My son will be 6 in a few days and we are at wits end with his behavior at school. He attends full-day Kindergarten and will repeat next year on the advice of his teacher.
Early in the school year, we began to get notes that he was misbehaving in class. He was never violent or destructive, but it was small things like not staying in line, roughhousing in the bathroom, not following rules, yelling in the halls, etc. He had a hard time following directions and finishing his work. If the class was told to color the horse brown, he might chose blue, or he might decide to draw a robot instead. Occasionally, he would hit/shove a classmate, but this was rare.
The teacher started using a sticker chart to encourage good behavior. During the day, he could earn up to 3 stickers for following directions/rules at school. At the end of the week, he would get a prize if he accumulated at least 10 stickers that week. The teacher did this consistently for 2 - 3 months and his behavior actually got worse.
We started punishing him at home if he did not earn at least 1 sticker each day. If he came home with no stickers, he was sent to his room (no tv, video games) for the rest of the afternoon/evening. 6 hours in his room was horrible for him (and the rest of the family.) We did this about 10 times, and he cried, begged, pleaded the WHOLE six hours, every time. Each time, he was remorseful and promised to behave in school, but after a few days, he always ended up having another bad day and coming home with no stickers.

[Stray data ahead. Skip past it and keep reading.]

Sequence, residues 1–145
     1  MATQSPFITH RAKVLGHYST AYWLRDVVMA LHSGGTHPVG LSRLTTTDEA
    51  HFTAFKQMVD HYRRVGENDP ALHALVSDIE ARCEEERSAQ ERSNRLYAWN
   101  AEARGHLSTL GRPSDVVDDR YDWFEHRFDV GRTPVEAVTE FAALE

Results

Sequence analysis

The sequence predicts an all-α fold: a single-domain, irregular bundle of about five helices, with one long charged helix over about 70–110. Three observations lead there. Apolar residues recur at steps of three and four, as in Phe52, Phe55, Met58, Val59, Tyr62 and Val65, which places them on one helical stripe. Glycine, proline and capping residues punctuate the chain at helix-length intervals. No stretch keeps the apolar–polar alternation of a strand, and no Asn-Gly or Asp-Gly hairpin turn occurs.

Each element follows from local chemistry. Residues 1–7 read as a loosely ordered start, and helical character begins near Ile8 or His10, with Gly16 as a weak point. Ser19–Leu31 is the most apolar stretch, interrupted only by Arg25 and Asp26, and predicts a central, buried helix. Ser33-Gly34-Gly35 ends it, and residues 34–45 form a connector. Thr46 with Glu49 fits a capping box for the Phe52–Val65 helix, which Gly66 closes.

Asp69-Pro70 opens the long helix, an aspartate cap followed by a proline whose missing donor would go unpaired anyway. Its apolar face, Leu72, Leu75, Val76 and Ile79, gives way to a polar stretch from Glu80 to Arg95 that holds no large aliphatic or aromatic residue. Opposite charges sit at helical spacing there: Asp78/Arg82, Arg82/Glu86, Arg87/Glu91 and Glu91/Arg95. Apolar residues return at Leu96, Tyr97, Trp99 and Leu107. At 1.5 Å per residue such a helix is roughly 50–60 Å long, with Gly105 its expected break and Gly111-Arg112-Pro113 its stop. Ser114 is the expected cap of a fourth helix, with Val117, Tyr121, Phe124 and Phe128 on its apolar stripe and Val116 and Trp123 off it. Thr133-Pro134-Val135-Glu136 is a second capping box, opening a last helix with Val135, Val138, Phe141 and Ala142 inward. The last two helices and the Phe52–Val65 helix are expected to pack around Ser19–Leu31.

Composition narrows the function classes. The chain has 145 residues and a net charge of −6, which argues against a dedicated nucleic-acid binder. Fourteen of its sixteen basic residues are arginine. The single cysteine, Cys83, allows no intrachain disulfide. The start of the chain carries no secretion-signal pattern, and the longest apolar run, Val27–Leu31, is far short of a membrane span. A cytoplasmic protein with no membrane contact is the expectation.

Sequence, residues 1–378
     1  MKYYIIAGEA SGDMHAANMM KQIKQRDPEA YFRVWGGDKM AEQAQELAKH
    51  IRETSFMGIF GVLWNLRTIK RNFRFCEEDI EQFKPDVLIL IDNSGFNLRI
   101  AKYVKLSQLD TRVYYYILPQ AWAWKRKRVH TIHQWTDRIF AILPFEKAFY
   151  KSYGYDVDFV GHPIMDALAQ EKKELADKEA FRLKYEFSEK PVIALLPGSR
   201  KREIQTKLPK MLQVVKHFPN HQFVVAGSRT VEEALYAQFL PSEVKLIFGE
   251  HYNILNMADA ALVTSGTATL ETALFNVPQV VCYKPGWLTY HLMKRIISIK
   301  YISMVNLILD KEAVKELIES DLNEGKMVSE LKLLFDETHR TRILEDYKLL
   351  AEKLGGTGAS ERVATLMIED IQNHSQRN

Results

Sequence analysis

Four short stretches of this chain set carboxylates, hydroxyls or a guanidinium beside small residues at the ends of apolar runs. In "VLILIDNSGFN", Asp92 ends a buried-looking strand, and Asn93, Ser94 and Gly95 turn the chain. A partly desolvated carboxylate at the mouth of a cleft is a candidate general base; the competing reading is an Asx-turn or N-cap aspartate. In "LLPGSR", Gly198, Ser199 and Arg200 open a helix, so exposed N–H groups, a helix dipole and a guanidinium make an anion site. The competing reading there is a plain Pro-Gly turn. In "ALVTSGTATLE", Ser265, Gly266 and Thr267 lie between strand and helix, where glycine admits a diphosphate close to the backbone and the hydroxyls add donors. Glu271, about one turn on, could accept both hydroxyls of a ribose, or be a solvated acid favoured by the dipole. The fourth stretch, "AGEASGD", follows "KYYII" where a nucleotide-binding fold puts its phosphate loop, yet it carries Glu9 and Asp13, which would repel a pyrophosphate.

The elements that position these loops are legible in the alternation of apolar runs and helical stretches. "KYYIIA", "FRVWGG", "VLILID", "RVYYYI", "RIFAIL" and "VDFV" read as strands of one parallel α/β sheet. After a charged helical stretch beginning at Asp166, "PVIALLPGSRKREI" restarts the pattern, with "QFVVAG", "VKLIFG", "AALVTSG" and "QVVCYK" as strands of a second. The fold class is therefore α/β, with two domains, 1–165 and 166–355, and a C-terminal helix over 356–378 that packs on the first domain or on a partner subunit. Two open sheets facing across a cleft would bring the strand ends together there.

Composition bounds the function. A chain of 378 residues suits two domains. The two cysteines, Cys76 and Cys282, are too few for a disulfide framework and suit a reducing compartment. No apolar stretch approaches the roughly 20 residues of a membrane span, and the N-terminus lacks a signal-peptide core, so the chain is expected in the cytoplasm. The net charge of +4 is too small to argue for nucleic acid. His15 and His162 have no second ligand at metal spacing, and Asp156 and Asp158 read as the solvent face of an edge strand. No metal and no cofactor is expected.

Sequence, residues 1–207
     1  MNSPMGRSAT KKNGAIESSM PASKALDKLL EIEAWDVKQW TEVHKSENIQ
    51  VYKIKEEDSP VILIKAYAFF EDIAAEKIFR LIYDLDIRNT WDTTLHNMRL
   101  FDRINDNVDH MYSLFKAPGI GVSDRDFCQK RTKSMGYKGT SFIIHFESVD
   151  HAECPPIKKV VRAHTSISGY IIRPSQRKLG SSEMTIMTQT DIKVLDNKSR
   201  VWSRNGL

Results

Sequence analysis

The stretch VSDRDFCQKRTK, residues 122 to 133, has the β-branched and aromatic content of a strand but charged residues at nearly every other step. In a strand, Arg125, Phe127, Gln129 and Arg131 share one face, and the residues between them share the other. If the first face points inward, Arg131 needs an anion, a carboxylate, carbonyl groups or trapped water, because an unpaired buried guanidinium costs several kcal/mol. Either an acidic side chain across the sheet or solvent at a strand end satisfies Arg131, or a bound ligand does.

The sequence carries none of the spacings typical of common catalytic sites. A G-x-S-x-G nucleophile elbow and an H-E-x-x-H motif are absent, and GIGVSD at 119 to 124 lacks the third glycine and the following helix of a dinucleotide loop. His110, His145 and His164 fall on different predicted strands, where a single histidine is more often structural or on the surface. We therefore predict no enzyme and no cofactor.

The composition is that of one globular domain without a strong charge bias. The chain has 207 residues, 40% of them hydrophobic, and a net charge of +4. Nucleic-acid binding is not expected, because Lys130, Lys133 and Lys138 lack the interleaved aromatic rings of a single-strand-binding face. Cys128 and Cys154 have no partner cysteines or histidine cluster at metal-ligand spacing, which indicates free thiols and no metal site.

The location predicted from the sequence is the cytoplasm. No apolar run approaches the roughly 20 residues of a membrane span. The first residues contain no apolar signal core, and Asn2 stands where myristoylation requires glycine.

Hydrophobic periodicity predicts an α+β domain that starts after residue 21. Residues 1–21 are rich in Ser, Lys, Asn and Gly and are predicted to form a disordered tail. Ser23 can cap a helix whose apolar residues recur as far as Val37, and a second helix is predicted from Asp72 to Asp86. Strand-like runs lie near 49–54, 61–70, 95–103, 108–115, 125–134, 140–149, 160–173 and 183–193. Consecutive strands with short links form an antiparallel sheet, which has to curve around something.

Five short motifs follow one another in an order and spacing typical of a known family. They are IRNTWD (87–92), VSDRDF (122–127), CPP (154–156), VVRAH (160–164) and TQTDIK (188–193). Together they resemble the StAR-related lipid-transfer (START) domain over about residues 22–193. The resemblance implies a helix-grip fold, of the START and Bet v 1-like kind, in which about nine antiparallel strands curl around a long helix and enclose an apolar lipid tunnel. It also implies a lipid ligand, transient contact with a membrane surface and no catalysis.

He has also been kicked off the bus several times for not staying in his seat, despite repeated warnings. We have punished him for bad behavior on the bus (cancelled play dates, taken away TV, video games) but the punishments don't seem to be a deterrent.
He almost always misses recess, field trips, play time at school because of a rule he breaks. Teacher says that he's sad and remorseful, but the next day, he'll repeat the same offense, almost like he doesn't connect the previous day's consequence to his actions.
With me, his behavior is fine, but then I usually give him a warning (I'm taking your video game if you don't stop that) and that usually is effective.
Despite all this, his teacher says he's a sweet, delightful, charming little boy, well-liked by all his classmates. She is starting to think that maybe he CAN'T do it. He just doesn't have the self-control to do what is expected of him (finish his work, stay in line, follow the classroom rules, etc.)
Is this possible? If so, is there some type of disorder we should have him evaluated for? Are we handling him the wrong way?
I should mention that our 8 year old son was diagnosed with ADHD last year but his main issue is hyperactivity. He always finishes his work and is really good about following rules once he understands them. He's not medicated and is doing really well with behavior modification.